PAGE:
New Guides and a Fresh Design Highlight New TFO Professional Rod Series

By Nicholas Conklin, Temple Fork Outfitters

There are a handful of rod actions and powers that should reside in any serious angler’s rod locker.

One of the most valuable rods to have on the boat is the new Professional Series rods designed by Gary Loomis, and built by TFO.

We took all of the positive attributes and actions from our wildly successful Signature Series and have transitioned them into the Professional Series.

Featuring 20 models, with rods from a 6’0” ultra-light spinning model to a 7’6” Heavy power rod, the Professional Series classic, medium-fast action will allow anglers the most efficient tool to deliver a lure and land a fish.

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New composite cork handles ensure durability and a secure grip everytime. Photo by TFO. 

Professional Series rods feature Fuji® guides, for enhanced sensitivity and durability when fishing braided lines or in saltwater environments.

Gary’s one-piece Professional Series rods are a rich matte black with matching wraps highlighted by silver tipping.

The rods feature composite cork handles that are more durable and provides a more consistent grip when wet. Models feature both split and full-cork grips.

Professional rods incorporate TFO’s color ID system to make sure you grab the correct rod when the action is hot.

Rods retail for $99.95-$109.95.

For more information please contact Temple Fork Outfitters at, info@tforods.com or by telephone, (800) 638-9052.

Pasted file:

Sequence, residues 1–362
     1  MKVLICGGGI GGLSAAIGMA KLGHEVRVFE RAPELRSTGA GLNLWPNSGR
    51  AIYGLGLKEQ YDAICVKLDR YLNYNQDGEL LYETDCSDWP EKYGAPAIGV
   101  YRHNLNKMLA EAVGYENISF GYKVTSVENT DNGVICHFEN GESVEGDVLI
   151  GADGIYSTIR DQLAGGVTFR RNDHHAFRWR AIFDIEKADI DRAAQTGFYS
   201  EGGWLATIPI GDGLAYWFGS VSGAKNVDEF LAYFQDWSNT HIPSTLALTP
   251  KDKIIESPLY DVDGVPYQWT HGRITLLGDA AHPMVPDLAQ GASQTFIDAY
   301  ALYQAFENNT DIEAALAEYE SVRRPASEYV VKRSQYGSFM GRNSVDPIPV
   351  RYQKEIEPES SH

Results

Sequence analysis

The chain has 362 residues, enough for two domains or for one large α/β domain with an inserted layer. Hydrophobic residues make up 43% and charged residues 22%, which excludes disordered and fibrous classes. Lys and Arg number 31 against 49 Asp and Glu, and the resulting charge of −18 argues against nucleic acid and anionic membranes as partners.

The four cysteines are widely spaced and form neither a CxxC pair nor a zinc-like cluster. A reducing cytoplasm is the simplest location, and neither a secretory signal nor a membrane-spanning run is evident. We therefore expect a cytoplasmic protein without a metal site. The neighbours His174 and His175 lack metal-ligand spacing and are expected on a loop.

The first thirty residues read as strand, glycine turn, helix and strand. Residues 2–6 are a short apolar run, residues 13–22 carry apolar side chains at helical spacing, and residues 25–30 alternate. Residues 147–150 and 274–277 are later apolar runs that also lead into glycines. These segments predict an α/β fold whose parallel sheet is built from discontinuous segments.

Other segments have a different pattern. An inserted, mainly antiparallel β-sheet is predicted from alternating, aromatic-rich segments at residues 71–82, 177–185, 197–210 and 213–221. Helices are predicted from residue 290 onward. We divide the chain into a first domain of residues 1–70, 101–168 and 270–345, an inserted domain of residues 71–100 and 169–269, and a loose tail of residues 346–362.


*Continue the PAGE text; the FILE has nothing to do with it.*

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Spinning models come in both split and full cork grips. Photo Courtesy of TFO. 

TFO Pro Burnie Haney Highlights the GTS BBC 7116-1

 

TFO Pro Staffer Burnie has been putting the GTS BBC 7116-1 rod through its paces in upstate New York.

According to Burnie, “This past week I was able to get out and put the TFO 7’11” Mag Hvy through the paces and  I can say this is my new best A-rig rod… Hands down this thing’s a beast, light weight, with  plenty of power and the full cork grip provides ample room for comfortable two-handed casting.”

 

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The GTS Swimbait rod has a softer tip, to allow an angler to easily lob large baits, but, a stout butt to aid in the hook-set and landing phase. 

 

The GTS Swimbait rod is the ideal tool for big, water displacing lures. Because of flag pattern on the Swimbait blank, the rod stores a massive amount of energy during the loading phase (back cast) and effectively releases the energy during the unloading (forward cast) phase, making delivery of large swimbaits, Umbrella Rigs, and large crankbaits easy. The Swimbait rod features an extended, full-cork handle to help reduce fatigue and allow anglers to comfortably position the rod while retrieving a lure.

 

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Click here for the VIDEO.

 

For more information on the GTS BBC 7116-1, check out TFORods.com.